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Microsoft gushes over new Windows client, server OSes

Barbara Darrow, Senior News Director
LOS ANGELES -- Microsoft will take advantage of its audience of IT managers and partners this week to deliver an old message -- it will emphasize the value of upgrading to a current product release even though new ones are waiting in the wings.

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Microsoft to highlight Windows 7 more at TechEd 2009  

The road to TechEd 2009

Here at TechEd 2009, the company will evangelize running Windows 7 and Windows Server 2008 R2 together. Microsoft said this week that both Windows 7 and Windows Server 2008 R2 will be available at the end of 2009 -- a tad ahead of many expectations.

The company, however, still recommends that the vast majority of IT shops that still run Windows XP should move first to Vista and then to Windows 7. At least that's what Microsoft's Corporate Vice President Robert Wahbe reiterated last week when asked if the lack of Vista mentions in the TechEd catalog signified that the client OS is pretty much dead.

The "v" word was not uttered often at the keynote sessions except when Microsoft senior vice president Bill Veghte said that companies that are deploying Vista already should continue to do so, but that those that have just started testing should disengage and test the new Windows 7 release candidate instead.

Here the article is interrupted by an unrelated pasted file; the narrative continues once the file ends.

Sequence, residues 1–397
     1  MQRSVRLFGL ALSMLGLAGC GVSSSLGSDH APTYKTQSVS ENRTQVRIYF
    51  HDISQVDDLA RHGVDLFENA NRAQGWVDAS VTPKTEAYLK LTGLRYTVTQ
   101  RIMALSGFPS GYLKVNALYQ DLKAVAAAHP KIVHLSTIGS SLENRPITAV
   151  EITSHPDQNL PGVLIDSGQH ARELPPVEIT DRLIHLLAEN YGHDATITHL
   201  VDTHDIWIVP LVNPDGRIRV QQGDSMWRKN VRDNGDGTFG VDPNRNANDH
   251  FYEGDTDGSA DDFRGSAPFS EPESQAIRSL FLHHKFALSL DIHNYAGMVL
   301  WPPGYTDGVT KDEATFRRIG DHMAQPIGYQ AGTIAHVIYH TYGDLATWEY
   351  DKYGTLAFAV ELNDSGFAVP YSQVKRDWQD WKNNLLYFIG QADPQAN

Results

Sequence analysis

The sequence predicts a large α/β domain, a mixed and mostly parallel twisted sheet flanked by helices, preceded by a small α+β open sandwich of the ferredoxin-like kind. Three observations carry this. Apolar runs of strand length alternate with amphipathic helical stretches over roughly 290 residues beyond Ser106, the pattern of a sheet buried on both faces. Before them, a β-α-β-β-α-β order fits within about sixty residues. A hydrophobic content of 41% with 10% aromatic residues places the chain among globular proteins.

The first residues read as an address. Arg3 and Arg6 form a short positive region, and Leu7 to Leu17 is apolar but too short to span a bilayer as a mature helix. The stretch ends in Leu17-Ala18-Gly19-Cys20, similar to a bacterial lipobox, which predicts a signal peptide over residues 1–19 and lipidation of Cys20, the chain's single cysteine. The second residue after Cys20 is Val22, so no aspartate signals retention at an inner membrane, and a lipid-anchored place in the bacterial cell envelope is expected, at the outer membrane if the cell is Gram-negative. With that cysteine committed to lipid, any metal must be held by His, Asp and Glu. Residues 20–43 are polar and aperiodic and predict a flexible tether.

At a session later in the day, a group of a few hundred attendees were asked if their companies had started using Vista: Less than a half dozen people raised their hands--a demonstration that is probably pretty accurate about the overall corporate uptake of Vista.

"At TechEd, we will focus on the new releases," Wahbe said. "We think the best way to prep for Windows 7 is to move to Vista …. We have strong promise around compatibility for the enterprise, small businesses and consumers. Vista is a great product with great compatibility [and] device support that will get you ready for Windows 7."

The best Microsoft can hope for now is to get Windows 7, also available in release candidate form, out soon, some partners said. "Then they'll get more Win 7 deployments in the first few months than we saw in the first whole year or more with Vista," said one long-time partner on the West Coast. "So far, test results have found Win 7 to be more compatible. It runs on systems with less memory and [lesser] processors, and overall [it] just works better from the get-go than Vista."

This report was updated Monday afternoon with additional information from the show.


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